Friday, January 16, 2009

Colder Than Cold

Well Below Freezing: The Daily Weather Report Blog

Woke up to temperatures of 6 F (-14 C) this morning. When I went out to feed Toby and Tucker were in their stalls. Well, Tucker was in Toby's stall and Toby was in Tucker's stall. I'm not sure what Chance was up to but he was right there for the morning feed in his own stall.

The good thing is that the day will be sunny. While nothing is going to melt, the sun will offer some basking benefits during the day and the horses certainly have plenty of shelter from whatever stray breezes may kick up, although it seems to be quite still out, thank goodness.

So, there will not be riding news again today so I thought I'd update you on Stacie's search for a horse.

This week, she tried a warmblood cross mare not too far from where she lives. I think the mare is around 11 years old. She is going at a good price and has had some good dressage training.

The stable has no indoor, so she had to ride on frozen ground. That, of course, does pose some issues, but she was impressed at how well the horse handled the surface and kept herself in good balance. She is also apparently very sound.

However, when Stacie called me, her opening line was, "I've just ridden the female version of Tucker!" Apparently, the mare just shuts down at times and will not go forward.

Now, I would have thought, from what Stacie has said in the past, this would be a complete turnoff. "Forward" was one of her criteria for a new horse. For some reason, she is considering this horse as a good prospect. Supposedly, the mare had been either abused or badly ridden at some point and learned to quit as a defense when the pressure gets too much. She does not like the leg but will work correctly from the seat--something Stacie insists she needs to work on in her own riding. The trainer said you can't really "get after" the mare because that just makes her less forward.

However, Stacie also said that when she had the horse going well, she was absolutely wonderful. She insists that of all the horses she's tried this one is the best "value for the money." She wonders if she will have the patience to deal with the problem and fix it by getting the horse to trust her. (Mares, I know, do have a different mindset than geldings.)

I am a bit puzzled, as I told her. I know Tucker can be driven into forward by an aggressive rider who is not intimidated by his antics as I often am, but apparently that's not so for this mare. While there are tactics to use to encourage her to go, why would you buy such a complicated ride unless it was purely for you to learn how to ride that particular horse? I'll admit, Tucker is teaching me a lot, but if I had an option, I'd much rather Tucker had Chance's attitude attached to his body. Life would be so much easier and more pleasant in the saddle.

Apparently there is a Belgium cross gelding she yet has to look at, and, of course the horse across the woods from me. I'm not sure where the Belgium is, but the horse near me is "on hold" due to the same weather and footing issues keeping me indoors. (Who can stand out in the bitter cold evaluating a horse you really can't ride?)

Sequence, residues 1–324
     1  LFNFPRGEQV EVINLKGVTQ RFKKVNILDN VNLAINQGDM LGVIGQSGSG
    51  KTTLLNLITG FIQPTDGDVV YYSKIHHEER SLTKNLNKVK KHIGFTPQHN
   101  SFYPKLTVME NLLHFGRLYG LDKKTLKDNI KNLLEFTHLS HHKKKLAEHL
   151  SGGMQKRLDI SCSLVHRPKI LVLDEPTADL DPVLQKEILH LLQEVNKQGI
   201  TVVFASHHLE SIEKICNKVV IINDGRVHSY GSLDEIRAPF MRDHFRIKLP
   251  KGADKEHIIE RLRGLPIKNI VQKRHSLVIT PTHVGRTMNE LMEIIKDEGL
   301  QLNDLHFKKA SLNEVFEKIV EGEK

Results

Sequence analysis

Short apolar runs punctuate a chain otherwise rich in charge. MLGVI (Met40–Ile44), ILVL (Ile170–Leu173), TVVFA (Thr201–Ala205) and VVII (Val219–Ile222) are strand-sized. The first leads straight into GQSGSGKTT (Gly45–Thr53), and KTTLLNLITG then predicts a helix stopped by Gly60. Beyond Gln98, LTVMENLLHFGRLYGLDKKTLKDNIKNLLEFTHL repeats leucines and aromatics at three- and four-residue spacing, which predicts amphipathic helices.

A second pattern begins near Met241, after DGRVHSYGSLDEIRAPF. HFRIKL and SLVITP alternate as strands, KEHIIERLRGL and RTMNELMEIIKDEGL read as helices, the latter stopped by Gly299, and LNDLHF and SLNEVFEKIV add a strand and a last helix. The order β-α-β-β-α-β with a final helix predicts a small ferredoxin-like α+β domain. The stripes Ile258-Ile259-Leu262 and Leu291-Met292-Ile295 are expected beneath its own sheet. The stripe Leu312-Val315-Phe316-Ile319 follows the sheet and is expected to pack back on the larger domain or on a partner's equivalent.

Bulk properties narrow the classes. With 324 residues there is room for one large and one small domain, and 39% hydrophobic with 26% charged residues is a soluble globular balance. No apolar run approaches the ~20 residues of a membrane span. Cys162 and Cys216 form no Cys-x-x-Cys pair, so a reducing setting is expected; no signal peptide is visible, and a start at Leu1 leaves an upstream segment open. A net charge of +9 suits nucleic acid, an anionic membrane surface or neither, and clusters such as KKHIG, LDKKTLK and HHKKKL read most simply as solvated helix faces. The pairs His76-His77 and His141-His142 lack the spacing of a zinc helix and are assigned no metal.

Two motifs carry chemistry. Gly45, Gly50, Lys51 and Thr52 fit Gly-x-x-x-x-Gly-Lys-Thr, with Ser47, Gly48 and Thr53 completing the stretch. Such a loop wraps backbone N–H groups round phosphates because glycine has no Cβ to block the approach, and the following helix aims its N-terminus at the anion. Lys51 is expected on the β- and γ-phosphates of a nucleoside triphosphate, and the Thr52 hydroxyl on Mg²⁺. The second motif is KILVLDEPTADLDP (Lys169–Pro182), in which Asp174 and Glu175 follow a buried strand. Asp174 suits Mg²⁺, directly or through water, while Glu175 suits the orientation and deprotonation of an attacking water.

Stacie may be able to arrange and "evaluation" lesson of the mare with Patrice Edwards when she comes in the next month, as there doesn't seem to be a lot of sales pressure at the moment. I just hope it all works out in Stacie's best interests. I know how frustrating a difficult horse can be.

Meanwhile, I just keep talking to my Boys using the "think method" (Anyone know the story of "The Music Man??") to teach them the upper level movements. When I get back in the saddle, I am sure we will be all set for Grand Prix! (Well, my modified fantasy version of GP, anyhow. *G*)


  1. on the other hand, if she knows she can get the mare forward by tactful riding, then she increases her sum of knowledge all round (says she, feelingly!). Seriously, it wouldn't be ALL bad

  2. Exactly why I am at odds about it, Claire. Knowing Stacie, though, I don't know if she really has the patience to deal with it. And it was definitely not one of the criteria for the horse she really wanted. Over and over she said she wanted one that was forward.

  3. The mare must have been fantastic when she decided to go well. I have heard that once you win over a mare's loyalty and trust, they will do anything for you. Maybe Stacie has had a glimmer of that possibility.


  4. Yeah maybe it felt 'right'?
    Does sound like it could either be a good learning experience or a disaster!

  5. I think Stacie has to understand that she won't "fix" the mare. If teh mare was really abused, and that she quits under too much pressure, it is from fear not defiance like Mr Tucker.
    Linda Parelli says that these horses go to their "happy place", and switched off the outside world.

    If Stacie considers the horse, that *she* would have to grow, and to learn to be tactful and to use her seat. The mare won't change.

    Just like me, I had to learn to relax at the canter. It is Cutter, who taught me, because when I tensed, he went much MUCH faster.

    My riding has radically changed because of him. But *him* did not change *I* did!

  6. i've heard that about mares as well, but it's a long row to hoe! (says she, hoeing it...)